If the polymer is set with a clay free water and it is desired to reverse the treatment, it is only necessary to pump salt water into the borehole. Upon contact with salt water the expanded polymer will break up and release most of its absorbed water. The formerly expanded polymer can then be washed out of the formation. The preferred superabsorbent polymers encapsulated for this invention absorb only one-fourth to one-third as much salt water as fresh water when the salt water concentration is 0.4% NaCl. Higher salt concentrations result in even less salt water absorption.
Usually, it is immediately apparent when a fracture is penetrated by the wellbore. The mud pressure will drop and less drilling fluid will be circulated back to the top of the hole. Large fractures can be responsible for draining off almost all of the drilling fluid. When this occurs, the encapsulated polymer should be placed in the drilling fluid and pumped down the hole. Sufficient drilling fluid containing the encapsulated polymer is circulated to insure that the fracture contains substantial amounts of the treated drilling fluid. Of course, the encapsulated polymer will accompany the drilling fluid into the fracture. Circulation is then stopped. After a period of time necessary for the wax casings to melt and release the water absorbent polymer, circulation is resumed. Drilling fluid pressure will shortly begin increasing and more mud will be circulated back to the surface of the well. The increase in pressure and mud returned to the surface is a strong indication that the invention has worked and the fracture is sealed. Circulation is then increased to clear the borehole of undesired compounds.
The following example will further illustrate the novel lost circulation additive and invention method of the present invention. This example is given by way of illustration and not as a limitation of a scope of the invention. Thus, it should be clearly understood that the invention additive and method may be varied to achieve similar results within the scope of the invention.
A C27 -C28 petroleum based wax with a melting point of about 135°-150° F. was employed to encapsulate the trademarked A-400 polymer, a polyacrylamidecosodium acrylate, sold by Grain Processing Co. 10 grams of A-400 were added to 90 cc of melted wax. The melted wax and polymer was mixed thoroughly until a uniform mixture was obtained. This hot suspension was then poured into a blender containing cold tap water and the blender turned on. The mixture was solidified and thoroughly sheared at the same time to form small granules.
The solid wax/polymer mixture was removed and liquid was filtered off. The mixture was then washed with water to remove excess polymer. No expansion of the small granules was noted. Thus, only polymer outside of the wax coating absorbed polymer, and that polymer was washed off.
A drilling fluid was prepared by adding 25 grams of Aquagel to 350 cc of tap water. Aquagel is a trademarked clay, primarily montmorillonite, sold by N. L. Baroid, Inc. This gave the equivalent of a 25 pounds per barrel drilling fluid.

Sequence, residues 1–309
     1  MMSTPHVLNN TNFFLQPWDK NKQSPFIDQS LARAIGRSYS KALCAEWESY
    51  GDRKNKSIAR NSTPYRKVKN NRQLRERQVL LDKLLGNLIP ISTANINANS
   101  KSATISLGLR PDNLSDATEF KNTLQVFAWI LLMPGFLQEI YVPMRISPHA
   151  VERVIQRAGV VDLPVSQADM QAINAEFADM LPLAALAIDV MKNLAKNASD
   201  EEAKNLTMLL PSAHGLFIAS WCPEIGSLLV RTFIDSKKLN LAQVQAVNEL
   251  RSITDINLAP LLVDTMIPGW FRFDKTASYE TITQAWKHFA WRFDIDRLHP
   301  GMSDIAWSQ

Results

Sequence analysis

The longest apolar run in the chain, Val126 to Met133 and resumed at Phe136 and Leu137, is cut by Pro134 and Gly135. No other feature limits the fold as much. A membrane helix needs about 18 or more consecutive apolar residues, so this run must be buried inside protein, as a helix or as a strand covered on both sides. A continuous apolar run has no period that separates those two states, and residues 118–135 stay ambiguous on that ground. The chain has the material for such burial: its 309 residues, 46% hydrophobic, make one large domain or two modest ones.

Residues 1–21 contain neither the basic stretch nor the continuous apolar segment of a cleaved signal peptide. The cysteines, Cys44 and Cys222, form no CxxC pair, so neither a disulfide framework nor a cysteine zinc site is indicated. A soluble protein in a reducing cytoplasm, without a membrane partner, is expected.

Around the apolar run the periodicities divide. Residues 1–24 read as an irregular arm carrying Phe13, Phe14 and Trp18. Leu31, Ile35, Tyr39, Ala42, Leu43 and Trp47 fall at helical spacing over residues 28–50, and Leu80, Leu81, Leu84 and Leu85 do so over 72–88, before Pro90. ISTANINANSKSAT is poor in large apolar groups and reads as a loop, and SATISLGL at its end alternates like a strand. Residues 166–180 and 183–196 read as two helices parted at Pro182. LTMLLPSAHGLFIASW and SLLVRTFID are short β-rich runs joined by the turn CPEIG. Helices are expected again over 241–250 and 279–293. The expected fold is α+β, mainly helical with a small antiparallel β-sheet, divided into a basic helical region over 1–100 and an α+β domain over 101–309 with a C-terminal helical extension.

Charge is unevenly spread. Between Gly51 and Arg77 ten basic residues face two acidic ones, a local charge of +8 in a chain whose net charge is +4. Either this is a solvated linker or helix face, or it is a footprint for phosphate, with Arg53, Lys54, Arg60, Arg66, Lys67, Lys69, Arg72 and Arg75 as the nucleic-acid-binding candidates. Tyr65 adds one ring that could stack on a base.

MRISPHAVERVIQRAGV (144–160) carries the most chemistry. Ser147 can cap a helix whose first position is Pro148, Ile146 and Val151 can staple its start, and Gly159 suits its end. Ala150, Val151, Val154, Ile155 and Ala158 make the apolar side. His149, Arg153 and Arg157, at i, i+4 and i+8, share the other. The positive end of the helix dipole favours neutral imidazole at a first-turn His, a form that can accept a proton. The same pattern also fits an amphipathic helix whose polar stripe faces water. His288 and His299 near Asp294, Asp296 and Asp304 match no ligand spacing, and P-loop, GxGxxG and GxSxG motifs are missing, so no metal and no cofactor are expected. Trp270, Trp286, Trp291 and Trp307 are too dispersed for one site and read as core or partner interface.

25 grams of the encapsulated polymer was then added to 350 ml of the gel/water mixture to yield the equivalent of 25 pounds of polymer per barrel of drilling fluid. No significant changes in the mud properties were noted after the addition of the encapsulated polymer.
The encapsulated polymer and drilling fluid mixture were then placed in an oven at 150° F. After two hours, the wax had melted and the polymer/bentonite/water mix had formed a semi-solid mass. The mass was extremely viscous and would not flow. This semi-solid mass, when formed in a zone of lost circulation, would be extremely effective in shutting off the zone.
Many other variations and modifications may be made in the concepts described above by those skilled in the art without departing from the concepts of the present invention. Accordingly, it should be clearly understood that the concepts in the description are illustrative only and are not intended as limitations on the scope of the invention.
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|U.S. Classification||507/103, 507/120, 507/123, 507/902, 175/72, 507/119, 507/111|
|International Classification||E21B21/00, C09K8/24, C09K8/92|
|Cooperative Classification||Y10S507/902, C09K8/516, C09K8/24, E21B21/003|
|European Classification||C09K8/516, C09K8/24, E21B21/00M|
|May 28, 1985||AS||Assignment|
Owner name: TEXACO INC., 2000 WESTCHESTER AVE WHITE PLAINS, NY
Free format text: ASSIGNMENT OF ASSIGNORS INTEREST.;ASSIGNOR:WALKER, CLARENCE O.;REEL/FRAME:004413/0051
Effective date: 19850523
|Oct 15, 1990||FPAY||Fee payment|
Year of fee payment: 4
|Dec 20, 1994||REMI||Maintenance fee reminder mailed|
|May 14, 1995||LAPS||Lapse for failure to pay maintenance fees|
|Jul 25, 1995||FP||Expired due to failure to pay maintenance fee|
Effective date: 19950517